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Courtroom Formalities

The legal preliminaries necessary to establish the qualifications of a witness are long and tedious. If the opposing attorney takes issue with the witness's qualifications or testimony, these objections will usually be discussed outside of the presence of the jury. First, the jury must be removed from the courtroom. Then the lawyers and judge spend several minutes discussing the legal issues involved, and finally the jury is brought back into the courtroom. The effect is to break up the flow of trial, making the proceedings confusing and frequently tense.

Testimony is drawn out over a prolonged period. The attorney who calls a witness asks the first questions. The person is then cross-examined (questioned) by the opposing counsel. If there are several opposing parties in the case, the attorney for each of these parties may examine the witness. The original attorney is then allowed to requestion the witness. The attorneys go around the circle until each is satisfied that testimony most favorable to their client has been elicited.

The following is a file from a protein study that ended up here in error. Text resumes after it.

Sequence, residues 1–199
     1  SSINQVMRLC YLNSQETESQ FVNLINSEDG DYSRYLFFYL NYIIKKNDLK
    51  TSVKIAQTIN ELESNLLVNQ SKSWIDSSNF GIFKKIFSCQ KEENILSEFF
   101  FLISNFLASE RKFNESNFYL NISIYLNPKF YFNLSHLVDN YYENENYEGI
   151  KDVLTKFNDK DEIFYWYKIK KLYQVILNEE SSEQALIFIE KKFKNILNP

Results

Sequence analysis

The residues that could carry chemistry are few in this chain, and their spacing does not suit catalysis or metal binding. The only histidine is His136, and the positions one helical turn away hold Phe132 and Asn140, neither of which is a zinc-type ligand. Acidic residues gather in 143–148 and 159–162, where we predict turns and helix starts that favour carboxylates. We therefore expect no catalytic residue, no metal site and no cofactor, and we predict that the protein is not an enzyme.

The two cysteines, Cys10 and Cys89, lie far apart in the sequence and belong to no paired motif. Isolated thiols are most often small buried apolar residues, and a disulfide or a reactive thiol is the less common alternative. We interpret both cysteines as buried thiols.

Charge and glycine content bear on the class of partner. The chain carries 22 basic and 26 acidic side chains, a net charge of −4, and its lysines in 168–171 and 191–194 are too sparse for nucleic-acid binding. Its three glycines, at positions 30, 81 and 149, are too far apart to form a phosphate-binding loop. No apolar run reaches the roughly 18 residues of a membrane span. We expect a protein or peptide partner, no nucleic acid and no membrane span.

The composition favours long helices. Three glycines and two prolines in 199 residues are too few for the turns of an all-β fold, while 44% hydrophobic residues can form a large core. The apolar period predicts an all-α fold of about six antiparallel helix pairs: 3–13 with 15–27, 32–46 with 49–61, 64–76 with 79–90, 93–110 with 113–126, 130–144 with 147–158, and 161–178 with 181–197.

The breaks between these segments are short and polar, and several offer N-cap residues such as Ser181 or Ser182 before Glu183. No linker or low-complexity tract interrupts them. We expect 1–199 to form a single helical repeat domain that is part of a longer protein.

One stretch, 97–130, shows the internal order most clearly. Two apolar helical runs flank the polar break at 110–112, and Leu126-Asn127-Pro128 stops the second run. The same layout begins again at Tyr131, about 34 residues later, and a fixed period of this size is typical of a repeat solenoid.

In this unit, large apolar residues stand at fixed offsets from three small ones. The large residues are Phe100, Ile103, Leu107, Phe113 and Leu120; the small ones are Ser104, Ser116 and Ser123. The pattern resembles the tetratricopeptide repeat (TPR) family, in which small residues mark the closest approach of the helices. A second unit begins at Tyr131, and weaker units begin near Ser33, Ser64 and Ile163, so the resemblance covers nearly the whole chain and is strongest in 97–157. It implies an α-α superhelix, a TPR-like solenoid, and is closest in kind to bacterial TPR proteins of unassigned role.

The procedure known as "invoking the rule"--a rule of civil procedure that allows a party to request that a witness be prevented from hearing the testimony of other witnesses in the trial--can be distressing to witnesses. The intent is to prevent witnesses from refreshing their memory or shaping their testimony to fit other testimony. The rule is particularly frustrating to physicians acting as expert witnesses. They will be asked to testify about the validity of other testimony that they are prevented from hearing. Since the attorneys are free to paraphrase the words of other witnesses, perhaps putting a different cast on them, the expert may be in the position of condemning another physician for something the physician did not say or do.


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